Stumbled across a set of instructions for making red brick dust the other day. It had 10 separate steps and required a mortar and pestle, some rum as an offering, hand/wrist strength, patience, and a whole lot of praying.
Y’all, I’m gonna give you my secret recipe for red brick dust. And this is authentic — my ancestry on my father’s side is Louisiana Creole through and through. My father was the first generation in our lineage *not* to be born in Louisiana since my 5th great grandfather in 1752. New Orleans cemeteries are positively jammed with ancestors, on both my father’s paternal side (French Creole) and my mother’s maternal side (Spanish Creole, many of whom settled in Florida after coming through the port of New Orleans but ended up buried in New Orleans anyway given how the Catholic Church and its diocese system works – and one of these ancestors made her living in Pensacola by running a brickyard). [*]
And this is how we do it in my family. I’ve never shared this with the public before. You ready?
- Get your bricks and put them in an old flour sack or canvas bag.
- Put the sack in the road/your driveway under one of its larger stones or bricks and let people and passing traffic turn your bricks into dust.
- If you need fine particles of red brick dust more quickly than you can get them via this method, use a sledgehammer.
You’re welcome to do more complicated stuff with offerings and praying the whole time you’re using a mortar and pestle, and the author of those instructions created a nice little ritual that has some not-inappropriate resonance. But it’s a creation, alright, and a creation by someone who was not raised anywhere near any of these practices, ’cause seriously, your mortar and pestle on your altar? Ain’t nobody got time for that, not today and not back in the day!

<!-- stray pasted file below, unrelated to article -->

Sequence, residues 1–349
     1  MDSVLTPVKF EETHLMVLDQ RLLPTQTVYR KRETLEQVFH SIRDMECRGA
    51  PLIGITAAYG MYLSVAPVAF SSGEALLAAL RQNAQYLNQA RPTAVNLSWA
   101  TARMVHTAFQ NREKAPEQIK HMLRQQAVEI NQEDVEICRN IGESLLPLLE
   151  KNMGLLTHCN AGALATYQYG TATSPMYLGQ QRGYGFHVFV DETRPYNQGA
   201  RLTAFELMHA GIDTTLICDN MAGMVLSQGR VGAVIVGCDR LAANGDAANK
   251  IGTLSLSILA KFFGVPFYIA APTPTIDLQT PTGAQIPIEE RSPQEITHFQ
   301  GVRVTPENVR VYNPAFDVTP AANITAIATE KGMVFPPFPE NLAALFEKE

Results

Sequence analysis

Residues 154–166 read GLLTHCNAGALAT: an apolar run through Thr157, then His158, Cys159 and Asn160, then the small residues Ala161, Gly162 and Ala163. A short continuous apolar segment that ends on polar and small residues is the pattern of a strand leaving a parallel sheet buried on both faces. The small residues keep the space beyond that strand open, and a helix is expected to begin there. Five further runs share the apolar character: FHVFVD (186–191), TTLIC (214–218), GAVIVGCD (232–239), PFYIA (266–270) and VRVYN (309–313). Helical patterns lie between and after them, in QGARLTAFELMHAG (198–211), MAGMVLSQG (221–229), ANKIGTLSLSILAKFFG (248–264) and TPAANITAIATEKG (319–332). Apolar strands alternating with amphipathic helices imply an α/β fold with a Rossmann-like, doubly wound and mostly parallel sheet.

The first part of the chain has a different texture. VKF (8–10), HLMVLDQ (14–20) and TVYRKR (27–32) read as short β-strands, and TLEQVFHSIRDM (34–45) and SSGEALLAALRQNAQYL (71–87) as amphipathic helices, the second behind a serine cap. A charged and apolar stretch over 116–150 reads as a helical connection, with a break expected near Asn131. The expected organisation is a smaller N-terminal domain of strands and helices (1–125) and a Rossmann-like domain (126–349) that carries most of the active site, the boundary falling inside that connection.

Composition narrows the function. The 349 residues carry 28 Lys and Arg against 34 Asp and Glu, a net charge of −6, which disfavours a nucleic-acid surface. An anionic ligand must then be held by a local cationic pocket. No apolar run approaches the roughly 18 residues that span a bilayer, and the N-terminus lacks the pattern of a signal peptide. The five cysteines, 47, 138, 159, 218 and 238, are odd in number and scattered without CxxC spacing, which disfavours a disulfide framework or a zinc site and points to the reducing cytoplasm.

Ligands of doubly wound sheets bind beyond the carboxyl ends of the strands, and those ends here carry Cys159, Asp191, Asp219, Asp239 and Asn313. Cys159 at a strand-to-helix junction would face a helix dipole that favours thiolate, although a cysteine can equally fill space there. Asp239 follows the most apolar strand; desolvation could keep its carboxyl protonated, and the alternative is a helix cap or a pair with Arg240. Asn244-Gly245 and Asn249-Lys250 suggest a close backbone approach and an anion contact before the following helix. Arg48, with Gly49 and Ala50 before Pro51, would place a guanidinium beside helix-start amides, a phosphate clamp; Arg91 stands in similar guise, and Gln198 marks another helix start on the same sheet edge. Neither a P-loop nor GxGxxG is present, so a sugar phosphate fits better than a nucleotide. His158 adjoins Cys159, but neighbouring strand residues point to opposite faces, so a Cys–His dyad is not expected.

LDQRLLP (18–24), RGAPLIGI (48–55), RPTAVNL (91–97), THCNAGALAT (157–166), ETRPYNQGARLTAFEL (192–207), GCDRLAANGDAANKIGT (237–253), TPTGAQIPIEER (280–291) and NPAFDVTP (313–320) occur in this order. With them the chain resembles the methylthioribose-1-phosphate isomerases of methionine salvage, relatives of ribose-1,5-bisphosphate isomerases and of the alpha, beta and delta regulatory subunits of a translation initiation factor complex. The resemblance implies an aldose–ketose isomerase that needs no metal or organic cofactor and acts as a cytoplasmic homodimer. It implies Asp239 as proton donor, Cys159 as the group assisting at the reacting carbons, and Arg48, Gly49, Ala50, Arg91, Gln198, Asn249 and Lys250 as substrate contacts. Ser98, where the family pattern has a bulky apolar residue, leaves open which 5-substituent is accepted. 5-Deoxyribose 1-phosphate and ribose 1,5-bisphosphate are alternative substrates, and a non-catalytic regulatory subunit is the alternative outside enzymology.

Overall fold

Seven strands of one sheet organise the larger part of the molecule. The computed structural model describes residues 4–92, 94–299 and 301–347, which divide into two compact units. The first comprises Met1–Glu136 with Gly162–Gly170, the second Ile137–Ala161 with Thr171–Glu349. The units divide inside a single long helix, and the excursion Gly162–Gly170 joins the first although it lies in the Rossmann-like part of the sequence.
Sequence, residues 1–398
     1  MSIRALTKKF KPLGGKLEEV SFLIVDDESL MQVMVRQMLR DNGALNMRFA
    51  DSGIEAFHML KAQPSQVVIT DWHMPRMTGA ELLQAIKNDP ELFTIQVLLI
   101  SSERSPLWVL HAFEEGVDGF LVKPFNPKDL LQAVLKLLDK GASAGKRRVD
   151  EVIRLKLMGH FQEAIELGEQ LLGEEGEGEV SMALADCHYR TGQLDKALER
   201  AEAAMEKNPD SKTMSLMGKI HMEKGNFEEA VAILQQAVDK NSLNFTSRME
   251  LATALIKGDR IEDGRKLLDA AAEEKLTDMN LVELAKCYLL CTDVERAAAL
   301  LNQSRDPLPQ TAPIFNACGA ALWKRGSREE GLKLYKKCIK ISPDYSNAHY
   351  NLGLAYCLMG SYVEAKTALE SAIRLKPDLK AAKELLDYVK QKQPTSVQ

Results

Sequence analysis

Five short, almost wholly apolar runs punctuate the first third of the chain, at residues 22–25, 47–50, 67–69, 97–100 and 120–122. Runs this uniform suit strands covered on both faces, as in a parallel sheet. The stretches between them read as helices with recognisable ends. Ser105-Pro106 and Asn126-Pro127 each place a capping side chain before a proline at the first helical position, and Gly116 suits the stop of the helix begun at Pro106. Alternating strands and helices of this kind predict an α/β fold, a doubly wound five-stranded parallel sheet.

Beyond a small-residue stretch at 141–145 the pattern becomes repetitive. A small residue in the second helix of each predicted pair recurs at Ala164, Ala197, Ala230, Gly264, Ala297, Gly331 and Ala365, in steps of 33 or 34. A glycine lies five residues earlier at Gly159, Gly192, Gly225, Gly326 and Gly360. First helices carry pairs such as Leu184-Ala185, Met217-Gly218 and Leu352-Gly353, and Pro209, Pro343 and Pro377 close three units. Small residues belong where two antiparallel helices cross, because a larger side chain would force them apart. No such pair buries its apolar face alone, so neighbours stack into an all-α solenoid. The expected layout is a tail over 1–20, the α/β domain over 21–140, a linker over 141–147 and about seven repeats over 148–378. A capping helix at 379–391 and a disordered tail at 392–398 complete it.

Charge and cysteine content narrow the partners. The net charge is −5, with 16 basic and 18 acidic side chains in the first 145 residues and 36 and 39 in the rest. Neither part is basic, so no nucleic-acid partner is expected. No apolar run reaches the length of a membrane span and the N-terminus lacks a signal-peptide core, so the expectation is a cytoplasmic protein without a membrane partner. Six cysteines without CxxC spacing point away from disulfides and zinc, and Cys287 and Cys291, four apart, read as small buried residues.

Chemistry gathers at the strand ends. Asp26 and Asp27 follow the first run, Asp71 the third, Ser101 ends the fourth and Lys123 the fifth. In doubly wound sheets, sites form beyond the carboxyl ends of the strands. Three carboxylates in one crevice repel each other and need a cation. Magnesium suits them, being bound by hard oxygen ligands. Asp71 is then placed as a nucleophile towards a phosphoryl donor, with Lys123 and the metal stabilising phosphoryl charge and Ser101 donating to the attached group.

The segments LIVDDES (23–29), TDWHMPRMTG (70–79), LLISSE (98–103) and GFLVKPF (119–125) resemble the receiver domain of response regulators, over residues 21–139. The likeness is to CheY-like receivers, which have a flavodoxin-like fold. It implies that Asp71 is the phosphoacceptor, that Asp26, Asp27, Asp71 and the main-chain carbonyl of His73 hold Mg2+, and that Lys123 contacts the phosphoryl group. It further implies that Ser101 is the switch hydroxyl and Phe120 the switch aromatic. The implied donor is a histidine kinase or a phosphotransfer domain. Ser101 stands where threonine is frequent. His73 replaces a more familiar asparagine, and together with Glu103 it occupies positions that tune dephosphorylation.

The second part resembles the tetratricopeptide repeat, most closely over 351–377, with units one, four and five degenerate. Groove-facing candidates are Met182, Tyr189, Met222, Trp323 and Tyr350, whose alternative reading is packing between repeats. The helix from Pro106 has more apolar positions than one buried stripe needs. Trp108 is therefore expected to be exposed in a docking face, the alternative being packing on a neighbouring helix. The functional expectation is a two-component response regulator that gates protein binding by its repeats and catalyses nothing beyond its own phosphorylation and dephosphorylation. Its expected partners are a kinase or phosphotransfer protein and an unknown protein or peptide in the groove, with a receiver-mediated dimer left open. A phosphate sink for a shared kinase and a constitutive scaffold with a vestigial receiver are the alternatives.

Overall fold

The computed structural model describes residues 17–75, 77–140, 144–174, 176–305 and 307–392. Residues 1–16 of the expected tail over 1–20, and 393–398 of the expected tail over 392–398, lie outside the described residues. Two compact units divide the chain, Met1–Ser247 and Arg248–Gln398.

Seriously, don’t make it more complicated than it is 🙂 If your formal introduction to magic was Laurie Cabot and the ritual you’ve created involves praying to your gods, you’re already starting pretty far afield from its origins and practical applications. Knock that shit off, y’all 🙂
[*]My 6th great grandmother who arrived in the port of New Orleans from Santo Domingo in the 1780s owned property in New Orleans but lived in Spanish Florida, and in 1784, when she appears in the records in Pensacola, Pensacola was under the diocese of Santiago del Cuba. Yes, in Cuba. The diocese of New Orleans was formed in 1795, after which point Pensacola fell under it, though they had to wait years sometimes for the bishop to make his way out there to hear confessions and administer other sacraments – and so many, many baptisms, weddings, and burials of Catholics who resided in Spanish Florida took place in New Orleans, with people traveling regularly between them and maintaining close, longstanding social and familial ties. Pensacola Catholics didn’t have a reliable, sturdy church building of their own or a permanent pastor until 1833, in fact.